In or about February 2008, Plaintiff became ill and was placed on restricted duty at work for the next two and a half years. FAC ¶ 26. Plaintiff struggled to make her loan payments during this time, and requested assistance from BANA for a loan modification. Id. ¶ 27. Although BANA officials told her they were unable to offer her any loan workout options, Plaintiff applied for a loan modification through the Homes Affordable Modification Program ("HAMP"). Id. ¶ 28. That loan modification application was denied because Plaintiff made too much money. Id. ¶ 28. In or about early 2009, Plaintiff applied for an in-house loan modification, which was also denied because she made too much money. Id. ¶ 29. Later in 2009, Plaintiff sought the assistance of a third-party company to obtain a loan modification. Id. ¶ 30. The third-party company contacted BANA, and Plaintiff was offered a three month trial modification. Id. After making the payments under the trial modification for six months, Plaintiff was informed that the trial period had ended and her payments would return to their original amount. Id. Plaintiff then sought the assistance of a non-profit organization, but after five to seven months of resubmitting documents and negotiation, Plaintiff was again denied a loan modification. Id. ¶ 31.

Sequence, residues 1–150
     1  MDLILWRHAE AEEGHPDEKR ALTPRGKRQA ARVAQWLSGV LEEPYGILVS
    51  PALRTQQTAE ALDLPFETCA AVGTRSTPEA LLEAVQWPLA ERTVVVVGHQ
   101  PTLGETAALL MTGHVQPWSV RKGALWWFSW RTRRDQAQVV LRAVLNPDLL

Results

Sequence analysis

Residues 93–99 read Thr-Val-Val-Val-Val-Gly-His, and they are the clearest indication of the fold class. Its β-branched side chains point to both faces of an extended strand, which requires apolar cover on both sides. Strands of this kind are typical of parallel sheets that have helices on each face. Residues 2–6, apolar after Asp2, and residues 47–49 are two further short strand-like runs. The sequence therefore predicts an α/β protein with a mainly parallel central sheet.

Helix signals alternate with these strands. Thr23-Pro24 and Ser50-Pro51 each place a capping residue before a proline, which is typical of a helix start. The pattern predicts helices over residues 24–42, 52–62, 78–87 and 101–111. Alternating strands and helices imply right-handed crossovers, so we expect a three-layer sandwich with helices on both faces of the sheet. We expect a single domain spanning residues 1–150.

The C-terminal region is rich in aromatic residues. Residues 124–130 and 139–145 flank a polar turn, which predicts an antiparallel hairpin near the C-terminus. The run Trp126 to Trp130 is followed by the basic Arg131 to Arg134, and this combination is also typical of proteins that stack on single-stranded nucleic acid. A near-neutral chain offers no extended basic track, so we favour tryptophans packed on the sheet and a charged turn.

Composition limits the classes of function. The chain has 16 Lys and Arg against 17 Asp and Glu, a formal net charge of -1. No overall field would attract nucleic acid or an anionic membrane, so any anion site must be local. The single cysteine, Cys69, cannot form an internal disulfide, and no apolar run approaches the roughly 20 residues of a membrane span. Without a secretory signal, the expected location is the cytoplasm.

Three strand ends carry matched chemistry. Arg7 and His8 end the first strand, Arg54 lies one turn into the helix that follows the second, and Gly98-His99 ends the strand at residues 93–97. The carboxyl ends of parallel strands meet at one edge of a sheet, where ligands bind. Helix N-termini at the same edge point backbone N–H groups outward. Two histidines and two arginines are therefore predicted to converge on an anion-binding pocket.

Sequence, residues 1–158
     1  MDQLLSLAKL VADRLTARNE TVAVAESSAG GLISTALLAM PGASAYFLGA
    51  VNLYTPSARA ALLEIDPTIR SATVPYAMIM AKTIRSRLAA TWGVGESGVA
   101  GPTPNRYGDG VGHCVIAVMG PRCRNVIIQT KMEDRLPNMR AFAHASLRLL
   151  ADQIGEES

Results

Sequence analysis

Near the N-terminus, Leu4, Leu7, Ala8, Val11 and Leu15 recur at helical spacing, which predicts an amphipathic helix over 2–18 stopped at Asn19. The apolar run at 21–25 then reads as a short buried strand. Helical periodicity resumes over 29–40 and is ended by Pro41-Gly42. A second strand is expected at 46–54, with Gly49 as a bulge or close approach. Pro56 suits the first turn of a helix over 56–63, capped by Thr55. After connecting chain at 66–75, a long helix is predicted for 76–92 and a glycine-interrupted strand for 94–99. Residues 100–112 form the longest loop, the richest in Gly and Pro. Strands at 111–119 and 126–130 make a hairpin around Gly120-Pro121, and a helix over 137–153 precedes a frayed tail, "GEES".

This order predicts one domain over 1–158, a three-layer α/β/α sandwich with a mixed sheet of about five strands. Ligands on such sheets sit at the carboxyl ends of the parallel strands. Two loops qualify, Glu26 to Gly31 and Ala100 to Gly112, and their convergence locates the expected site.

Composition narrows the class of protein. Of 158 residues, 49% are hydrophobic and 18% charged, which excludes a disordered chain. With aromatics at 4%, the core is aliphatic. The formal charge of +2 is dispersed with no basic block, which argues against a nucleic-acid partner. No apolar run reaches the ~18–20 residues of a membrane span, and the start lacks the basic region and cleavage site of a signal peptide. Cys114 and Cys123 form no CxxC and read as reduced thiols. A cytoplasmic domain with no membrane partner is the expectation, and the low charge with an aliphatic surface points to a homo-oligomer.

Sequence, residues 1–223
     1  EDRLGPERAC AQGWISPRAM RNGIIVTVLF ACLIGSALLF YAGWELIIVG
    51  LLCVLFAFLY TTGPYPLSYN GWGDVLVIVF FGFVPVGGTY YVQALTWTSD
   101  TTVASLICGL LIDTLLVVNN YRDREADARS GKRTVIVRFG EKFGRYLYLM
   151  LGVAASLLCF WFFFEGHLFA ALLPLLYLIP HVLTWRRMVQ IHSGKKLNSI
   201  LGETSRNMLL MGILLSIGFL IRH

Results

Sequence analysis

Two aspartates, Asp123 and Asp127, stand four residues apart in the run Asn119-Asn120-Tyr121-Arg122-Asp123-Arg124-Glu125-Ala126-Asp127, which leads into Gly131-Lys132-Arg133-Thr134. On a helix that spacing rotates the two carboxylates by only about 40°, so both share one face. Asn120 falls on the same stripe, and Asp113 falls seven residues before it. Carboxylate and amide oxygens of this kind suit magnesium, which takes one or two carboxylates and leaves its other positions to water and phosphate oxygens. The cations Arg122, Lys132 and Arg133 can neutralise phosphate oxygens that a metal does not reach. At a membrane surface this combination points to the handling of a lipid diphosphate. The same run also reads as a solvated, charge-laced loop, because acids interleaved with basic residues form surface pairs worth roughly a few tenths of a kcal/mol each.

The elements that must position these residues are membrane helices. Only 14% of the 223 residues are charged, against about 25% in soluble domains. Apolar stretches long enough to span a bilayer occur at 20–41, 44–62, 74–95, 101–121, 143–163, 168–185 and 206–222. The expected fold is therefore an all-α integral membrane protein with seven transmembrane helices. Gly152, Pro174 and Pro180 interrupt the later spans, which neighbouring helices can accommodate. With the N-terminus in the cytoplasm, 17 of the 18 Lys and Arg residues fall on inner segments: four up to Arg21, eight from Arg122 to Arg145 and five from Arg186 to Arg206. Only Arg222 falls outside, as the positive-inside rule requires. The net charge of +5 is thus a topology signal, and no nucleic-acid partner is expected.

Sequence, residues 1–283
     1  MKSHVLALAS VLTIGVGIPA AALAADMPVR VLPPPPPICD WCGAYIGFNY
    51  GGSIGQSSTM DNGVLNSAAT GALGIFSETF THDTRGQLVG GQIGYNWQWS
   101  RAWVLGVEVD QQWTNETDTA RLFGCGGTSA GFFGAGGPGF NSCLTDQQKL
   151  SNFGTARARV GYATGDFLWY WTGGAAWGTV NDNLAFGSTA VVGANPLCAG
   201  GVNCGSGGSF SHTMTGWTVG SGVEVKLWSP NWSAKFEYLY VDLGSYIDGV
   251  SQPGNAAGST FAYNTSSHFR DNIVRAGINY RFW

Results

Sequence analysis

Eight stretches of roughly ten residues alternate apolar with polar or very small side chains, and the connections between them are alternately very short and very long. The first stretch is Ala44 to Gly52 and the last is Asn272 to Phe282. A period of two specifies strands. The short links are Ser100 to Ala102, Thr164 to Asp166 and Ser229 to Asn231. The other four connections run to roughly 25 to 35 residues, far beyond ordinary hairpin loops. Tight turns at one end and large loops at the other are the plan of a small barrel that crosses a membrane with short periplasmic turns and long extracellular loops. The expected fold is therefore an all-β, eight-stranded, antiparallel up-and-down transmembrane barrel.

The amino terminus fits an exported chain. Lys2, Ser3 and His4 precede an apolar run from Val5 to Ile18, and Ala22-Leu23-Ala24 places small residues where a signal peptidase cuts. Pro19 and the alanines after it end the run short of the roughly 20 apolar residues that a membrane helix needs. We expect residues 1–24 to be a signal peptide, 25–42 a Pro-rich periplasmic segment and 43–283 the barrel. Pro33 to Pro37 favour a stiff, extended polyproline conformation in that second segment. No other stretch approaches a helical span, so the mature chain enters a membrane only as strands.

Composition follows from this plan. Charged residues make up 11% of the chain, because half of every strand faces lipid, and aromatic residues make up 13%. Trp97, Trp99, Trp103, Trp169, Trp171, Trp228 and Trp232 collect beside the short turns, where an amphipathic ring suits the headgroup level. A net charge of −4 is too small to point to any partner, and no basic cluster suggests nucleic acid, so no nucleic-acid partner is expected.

On January 20, 2011, ReconTrust recorded and sent a Notice of Default to Plaintiff informing her that she was $53,584.97 in default. Id. ¶ 32; RJN, Ex. B. On August 2, 2011, ReconTrust recorded a Notice of Trustee Sale under the DOT.FAC ¶ 33; RJN, Ex. C. The sale date was postponed from August 24, 2011, until November7, 2011. FAC ¶ 36. In or about November 2011, Plaintiff hired another third-party company to assist her in obtaining a loan modification through HAMP. Id. ¶ 34. The November 7, 2011 sale date was cancelled, but BANA is still in the process of foreclosing. Id. ¶ 36.